The alternative strategies given by Eqs. 3 and 4 can be further interpreted in terms of the theoretical framework proposed by West et al. (26) for understanding the origin of the 3/4 exponent in Eq. 1. This theory is based on generic properties of optimized, spacefilling vascular networks that deliver vital resources, such as oxygen, to cells (26). An important assumption of the theory, motivated by natural selection, is that the physical properties of the terminal units of these networks are invariant with respect to body mass. In the circulatory system, not only is the size of capillaries assumed to be invariant, but so too is their blood flow rate, which ultimately determines the rate of resource delivery and therefore, the metabolic rate. This constancy of structural and functional properties of capillaries stands in distinct contrast to the inability of cells to maintain simultaneously the constancy of both size and metabolic rate. Indeed, the invariance of capillary parameters dictates that not all cell parameters, e.g., cell size and metabolic rate, can be invariant with respect to body mass. Empirical data for mammals support the assumption of invariance of capillary size and flow rate and of the size of erythrocytes and leukocytes (21, 23).
Independent of whether cell size remains constant or scales with body size, West et al. (26) predict that capillary density scales as M^{−1/4}. However, the alternative strategies described by Eqs. 3 and 4 lead to different predictions for the number of capillaries relative to the number of cells. For cell types that are invariant in size (strategy i), the number of capillaries per cell is predicted to decrease with increasing body size as M^{−1/4}, the original prediction of West et al. (26). For cell types such as nerve, muscle, and fat, where cell size increases with body size as approximately M^{1/4} (strategy ii), the number of capillaries per cell is predicted to be approximately invariant. This prediction is consistent with cellular metabolic rate being independent of body size for these cell types because the metabolic power supplied by an individual capillary is invariant and the number of cells receiving that power is invariant. The exact relationships may be complicated because of specific geometrical constraints. For example, a substantial fraction of the volume of most neurons is composed of axons and dendrites, which would be expected to vary in length with body size. Cardiac and skeletal muscle cells similarly tend to increase much more in length than in diameter with increasing body size.
It would be instructive to understand better the architecture of capillary supply to different tissues, as well as the sizes, division rates, and lifespans of different cell types in vivo and in vitro, and the densities and turnover rates of cellular components such as mitochondria and enzymes. Additionally, it would be of great interest to determine empirically and to understand theoretically the scaling of the sizes and metabolic rates of mammalian stem cells. Because stem cells divide frequently, the framework developed here would naively predict that sizes of stem cells should remain invariant and that their in situ metabolic rates should scale as M^{−1/4} across species. These same predictions should also apply to brown adipocytes, which can be highly metabolically active and divide rapidly, providing a strong contrast with the white adipocytes discussed in this article.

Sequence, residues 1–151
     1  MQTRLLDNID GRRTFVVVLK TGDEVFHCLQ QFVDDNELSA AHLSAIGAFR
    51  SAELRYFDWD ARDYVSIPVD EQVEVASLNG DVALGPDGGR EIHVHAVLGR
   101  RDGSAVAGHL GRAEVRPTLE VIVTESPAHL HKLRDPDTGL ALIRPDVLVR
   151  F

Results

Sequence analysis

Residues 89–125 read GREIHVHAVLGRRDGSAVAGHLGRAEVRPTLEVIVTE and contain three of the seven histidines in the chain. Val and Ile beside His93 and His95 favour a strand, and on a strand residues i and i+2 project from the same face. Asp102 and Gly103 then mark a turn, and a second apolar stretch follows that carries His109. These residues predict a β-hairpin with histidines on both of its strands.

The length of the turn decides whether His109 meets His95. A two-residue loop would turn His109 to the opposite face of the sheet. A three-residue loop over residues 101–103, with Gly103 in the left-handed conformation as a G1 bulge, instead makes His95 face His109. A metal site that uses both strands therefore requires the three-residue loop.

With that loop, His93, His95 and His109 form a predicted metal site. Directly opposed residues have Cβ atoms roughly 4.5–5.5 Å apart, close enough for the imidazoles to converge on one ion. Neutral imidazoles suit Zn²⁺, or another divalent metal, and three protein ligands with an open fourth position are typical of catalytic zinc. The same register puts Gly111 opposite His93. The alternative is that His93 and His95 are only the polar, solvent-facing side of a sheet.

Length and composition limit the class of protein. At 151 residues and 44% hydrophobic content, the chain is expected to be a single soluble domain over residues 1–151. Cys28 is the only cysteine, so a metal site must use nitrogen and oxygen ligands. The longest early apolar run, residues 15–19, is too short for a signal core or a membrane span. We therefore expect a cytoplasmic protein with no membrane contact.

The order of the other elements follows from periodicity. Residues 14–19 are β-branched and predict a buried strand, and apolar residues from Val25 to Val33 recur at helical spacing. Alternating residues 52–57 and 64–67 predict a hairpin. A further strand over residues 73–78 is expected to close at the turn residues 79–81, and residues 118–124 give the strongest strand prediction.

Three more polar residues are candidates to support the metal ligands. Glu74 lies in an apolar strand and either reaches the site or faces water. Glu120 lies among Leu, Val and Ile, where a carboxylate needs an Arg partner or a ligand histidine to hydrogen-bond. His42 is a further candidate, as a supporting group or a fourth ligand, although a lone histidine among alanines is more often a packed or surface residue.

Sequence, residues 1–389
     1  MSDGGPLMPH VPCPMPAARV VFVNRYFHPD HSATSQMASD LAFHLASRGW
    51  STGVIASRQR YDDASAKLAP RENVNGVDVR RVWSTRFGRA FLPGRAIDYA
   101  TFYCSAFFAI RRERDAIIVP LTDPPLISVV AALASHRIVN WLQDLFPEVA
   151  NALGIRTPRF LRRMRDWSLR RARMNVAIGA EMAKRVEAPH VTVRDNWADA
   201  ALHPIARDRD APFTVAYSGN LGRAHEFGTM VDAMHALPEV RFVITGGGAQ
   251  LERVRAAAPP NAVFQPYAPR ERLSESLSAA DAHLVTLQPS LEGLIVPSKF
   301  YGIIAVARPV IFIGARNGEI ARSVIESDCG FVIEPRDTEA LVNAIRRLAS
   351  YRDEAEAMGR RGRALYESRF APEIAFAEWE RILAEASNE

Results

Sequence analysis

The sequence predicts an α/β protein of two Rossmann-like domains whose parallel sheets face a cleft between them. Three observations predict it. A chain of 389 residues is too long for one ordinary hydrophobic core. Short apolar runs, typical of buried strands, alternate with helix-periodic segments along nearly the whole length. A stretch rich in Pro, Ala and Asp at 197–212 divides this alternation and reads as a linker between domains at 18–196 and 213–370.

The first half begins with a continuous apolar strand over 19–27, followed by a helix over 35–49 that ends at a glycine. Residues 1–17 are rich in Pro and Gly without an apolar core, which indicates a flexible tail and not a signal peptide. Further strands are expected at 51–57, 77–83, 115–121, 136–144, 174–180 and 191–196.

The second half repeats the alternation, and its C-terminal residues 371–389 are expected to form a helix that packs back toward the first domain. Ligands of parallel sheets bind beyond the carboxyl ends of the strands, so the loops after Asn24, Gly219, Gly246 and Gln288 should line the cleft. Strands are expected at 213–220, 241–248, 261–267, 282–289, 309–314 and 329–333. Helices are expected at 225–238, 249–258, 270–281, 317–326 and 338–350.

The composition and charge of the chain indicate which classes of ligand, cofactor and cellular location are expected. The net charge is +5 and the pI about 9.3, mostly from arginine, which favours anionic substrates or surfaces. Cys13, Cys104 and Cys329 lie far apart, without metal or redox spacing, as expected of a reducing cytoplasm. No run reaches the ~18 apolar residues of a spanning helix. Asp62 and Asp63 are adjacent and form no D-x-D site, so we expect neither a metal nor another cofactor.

The critical point is that the theory dictates how generic properties of the vascular network constrain resource supply to cells. The structure and function of the vascular system and the associated M^{3/4} scaling of wholeorganism metabolic rate implies that it is impossible for all of the fundamental properties of cells to remain invariant as body size changes during both ontogeny and phylogeny. Depending on the structural and functional properties of cell types, either cell size, cellular metabolic rate, or possibly both, must change as body size varies through ontogeny and phylogeny.
Methods
Data used in Figs. 2⇑–4 are given in SI Tables 2–4. We required that at least six data points be available for a cell type to be included in our analyses. Data were taken from the references that are listed therein. The methods for obtaining and measuring each cell type are detailed in these original references. When different studies measured values for the same cell type, we combined the data into a single dataset. When multiple values of a given cell type were reported for a given species, the geometric mean of values was used for analysis. We did not, however, average values for Fisher 344 and Sprague–Dawley rats because these rats may be considerably different metabolically and because the original source did not average these values. We also excluded data for cerebellar Purkinje neurons from Friede (15), which largely disagreed with more recent values from (12, 13), because, as stated there, these measures were meant to facilitate interspecies comparisons but not to establish absolute values for cell volume. Redoing the statistics and figures with the average for rats discussed above or the data from Friede has almost no influence on the exact numbers in Table 1 and does not affect any of our conclusions.